Google’s bold move earlier this year to eliminate the cost for merchants to sell on its Google Shopping platform appears to be working.
In a blog post on Monday (June 29), Bill Ready, Google’s commerce president, wrote that the switch has produced a “significant increase” in user engagement, with merchants seeing a substantial rise in clicks, “meaning consumers are finding more of the products they’re looking for from a wider range of options.”
Now, the global online technology company will bring free listings to its main Google Search results page in the U.S. Ready said it will assist shoppers with choosing the products and sellers that will serve them best, from the widest variety of options.
“Free listings in Google Search results makes your offers more accessible to the hundreds of millions of people who shop on Google each day, connecting you to more customers in more places, whether they’re across the country or across the street,” he wrote.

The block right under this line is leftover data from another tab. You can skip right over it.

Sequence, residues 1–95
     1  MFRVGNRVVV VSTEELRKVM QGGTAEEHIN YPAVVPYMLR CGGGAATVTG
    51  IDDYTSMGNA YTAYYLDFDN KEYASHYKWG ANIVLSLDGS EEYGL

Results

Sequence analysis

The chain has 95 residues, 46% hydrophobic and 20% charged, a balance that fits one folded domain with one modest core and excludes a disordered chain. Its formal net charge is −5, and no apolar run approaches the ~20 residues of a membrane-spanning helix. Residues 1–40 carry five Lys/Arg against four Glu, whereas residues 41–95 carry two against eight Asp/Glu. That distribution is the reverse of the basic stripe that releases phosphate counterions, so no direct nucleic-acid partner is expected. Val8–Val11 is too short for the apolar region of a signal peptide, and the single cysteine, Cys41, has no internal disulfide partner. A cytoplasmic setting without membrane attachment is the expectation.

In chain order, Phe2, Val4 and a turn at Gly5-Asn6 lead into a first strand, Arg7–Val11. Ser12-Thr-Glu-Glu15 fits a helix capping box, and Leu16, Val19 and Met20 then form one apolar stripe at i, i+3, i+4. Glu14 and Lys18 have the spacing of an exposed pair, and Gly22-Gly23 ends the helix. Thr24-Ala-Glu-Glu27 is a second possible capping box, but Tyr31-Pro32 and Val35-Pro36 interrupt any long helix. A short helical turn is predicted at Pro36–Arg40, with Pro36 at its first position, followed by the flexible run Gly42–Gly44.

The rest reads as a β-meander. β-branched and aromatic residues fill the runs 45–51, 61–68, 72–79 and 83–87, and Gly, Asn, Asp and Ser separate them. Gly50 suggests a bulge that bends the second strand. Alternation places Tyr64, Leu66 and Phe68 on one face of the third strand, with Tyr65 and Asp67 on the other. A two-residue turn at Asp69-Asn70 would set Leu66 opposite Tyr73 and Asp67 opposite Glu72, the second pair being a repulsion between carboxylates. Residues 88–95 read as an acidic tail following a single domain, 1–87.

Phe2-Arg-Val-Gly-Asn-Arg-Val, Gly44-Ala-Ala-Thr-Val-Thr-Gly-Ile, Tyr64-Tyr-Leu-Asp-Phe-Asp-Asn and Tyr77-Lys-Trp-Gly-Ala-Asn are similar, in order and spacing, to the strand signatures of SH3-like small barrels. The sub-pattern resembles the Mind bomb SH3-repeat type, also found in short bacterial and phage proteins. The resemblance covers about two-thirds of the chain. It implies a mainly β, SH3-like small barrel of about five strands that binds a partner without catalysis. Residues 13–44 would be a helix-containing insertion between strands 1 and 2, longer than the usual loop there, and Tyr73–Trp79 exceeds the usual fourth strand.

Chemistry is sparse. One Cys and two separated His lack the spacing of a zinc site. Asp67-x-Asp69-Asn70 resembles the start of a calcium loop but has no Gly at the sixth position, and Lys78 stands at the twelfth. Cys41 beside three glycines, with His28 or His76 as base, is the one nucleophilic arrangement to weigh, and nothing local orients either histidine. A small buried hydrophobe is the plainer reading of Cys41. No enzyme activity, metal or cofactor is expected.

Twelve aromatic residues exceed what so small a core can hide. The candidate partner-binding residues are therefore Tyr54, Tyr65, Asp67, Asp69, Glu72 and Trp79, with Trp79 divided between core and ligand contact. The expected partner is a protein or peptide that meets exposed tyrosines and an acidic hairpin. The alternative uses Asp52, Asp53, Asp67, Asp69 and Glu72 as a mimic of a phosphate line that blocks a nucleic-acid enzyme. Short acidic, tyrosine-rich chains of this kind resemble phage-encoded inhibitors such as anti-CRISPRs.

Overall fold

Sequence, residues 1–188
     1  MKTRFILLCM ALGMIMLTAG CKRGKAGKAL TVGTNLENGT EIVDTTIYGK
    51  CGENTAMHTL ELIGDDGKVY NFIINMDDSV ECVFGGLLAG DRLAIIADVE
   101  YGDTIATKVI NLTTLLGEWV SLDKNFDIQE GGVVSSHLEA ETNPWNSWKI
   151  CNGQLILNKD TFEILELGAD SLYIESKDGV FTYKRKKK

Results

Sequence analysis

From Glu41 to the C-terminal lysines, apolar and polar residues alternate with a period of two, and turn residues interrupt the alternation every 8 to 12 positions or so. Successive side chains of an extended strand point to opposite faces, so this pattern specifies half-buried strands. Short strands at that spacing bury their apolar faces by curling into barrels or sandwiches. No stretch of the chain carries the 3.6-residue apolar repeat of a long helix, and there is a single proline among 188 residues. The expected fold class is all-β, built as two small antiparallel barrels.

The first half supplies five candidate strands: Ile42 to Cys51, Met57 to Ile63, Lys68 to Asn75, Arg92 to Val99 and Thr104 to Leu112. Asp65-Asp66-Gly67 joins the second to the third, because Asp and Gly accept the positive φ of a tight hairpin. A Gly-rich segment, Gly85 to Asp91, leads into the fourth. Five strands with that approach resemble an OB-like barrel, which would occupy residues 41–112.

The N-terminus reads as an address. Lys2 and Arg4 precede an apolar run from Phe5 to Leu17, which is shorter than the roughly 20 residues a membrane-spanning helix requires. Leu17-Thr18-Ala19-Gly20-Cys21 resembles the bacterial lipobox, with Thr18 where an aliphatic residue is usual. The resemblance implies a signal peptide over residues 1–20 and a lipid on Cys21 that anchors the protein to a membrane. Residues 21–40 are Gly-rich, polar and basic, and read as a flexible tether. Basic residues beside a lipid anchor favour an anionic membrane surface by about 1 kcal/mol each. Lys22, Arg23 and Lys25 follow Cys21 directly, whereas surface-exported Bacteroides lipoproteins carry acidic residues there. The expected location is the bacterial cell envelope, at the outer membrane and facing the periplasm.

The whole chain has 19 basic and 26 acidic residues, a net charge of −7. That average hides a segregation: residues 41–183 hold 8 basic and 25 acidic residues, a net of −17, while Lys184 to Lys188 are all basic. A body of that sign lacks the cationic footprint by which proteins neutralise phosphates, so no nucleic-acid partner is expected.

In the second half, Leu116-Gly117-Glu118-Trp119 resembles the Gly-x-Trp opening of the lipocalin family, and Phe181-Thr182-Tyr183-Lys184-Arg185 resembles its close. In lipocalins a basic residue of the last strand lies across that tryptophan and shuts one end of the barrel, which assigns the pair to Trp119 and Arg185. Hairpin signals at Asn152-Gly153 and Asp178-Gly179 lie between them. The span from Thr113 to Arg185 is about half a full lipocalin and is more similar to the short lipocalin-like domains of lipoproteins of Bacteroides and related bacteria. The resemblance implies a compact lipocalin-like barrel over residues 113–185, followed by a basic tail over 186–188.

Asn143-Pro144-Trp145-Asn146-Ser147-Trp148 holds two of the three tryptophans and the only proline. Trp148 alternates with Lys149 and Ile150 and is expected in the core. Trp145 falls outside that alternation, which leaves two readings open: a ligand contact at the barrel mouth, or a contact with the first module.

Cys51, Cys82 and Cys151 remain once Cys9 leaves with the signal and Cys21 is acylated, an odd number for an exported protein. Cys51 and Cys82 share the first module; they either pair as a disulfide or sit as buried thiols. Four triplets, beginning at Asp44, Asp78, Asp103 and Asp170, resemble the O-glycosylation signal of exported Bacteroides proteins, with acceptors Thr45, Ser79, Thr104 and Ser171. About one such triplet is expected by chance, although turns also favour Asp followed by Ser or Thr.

Initially, said Ready, the free listings on Google Search will appear in a product knowledge panel that shows buying options for a particular item.
He did not provide any numbers to verify his claim that Google Shopping is working. Google’s published ad rates have ranged from 5 percent to 15 percent.
“Sellers of all sizes are benefitting from this incremental traffic, particularly small and medium-sized businesses,” he wrote. “We already see that these changes will help generate billions of dollars in sales for retailers and brands in the U.S. on an annual basis.”
Today, the buying options in this panel are all sponsored links. Starting this summer, Ready wrote, these listings will be free. The launch will start in the U.S., first on mobile devices and followed by desktop.
“Free listings on Google Search is a big step forward in democratizing access to digital commerce, benefiting shoppers and merchants with more choices across the board,” Ready said.
This is the latest move by Google to capture more of the market. Last month, it introduced a rising retail categories tool that shows quickly growing categories related to products in Google Search, along with inquiries associated with them and the places where they are increasing.
In a blog post at the time, Product Manager Pallavi Naresh wrote that businesses will use the information creatively.
The experience was designed, Google said, to make shopping easier and more accessible.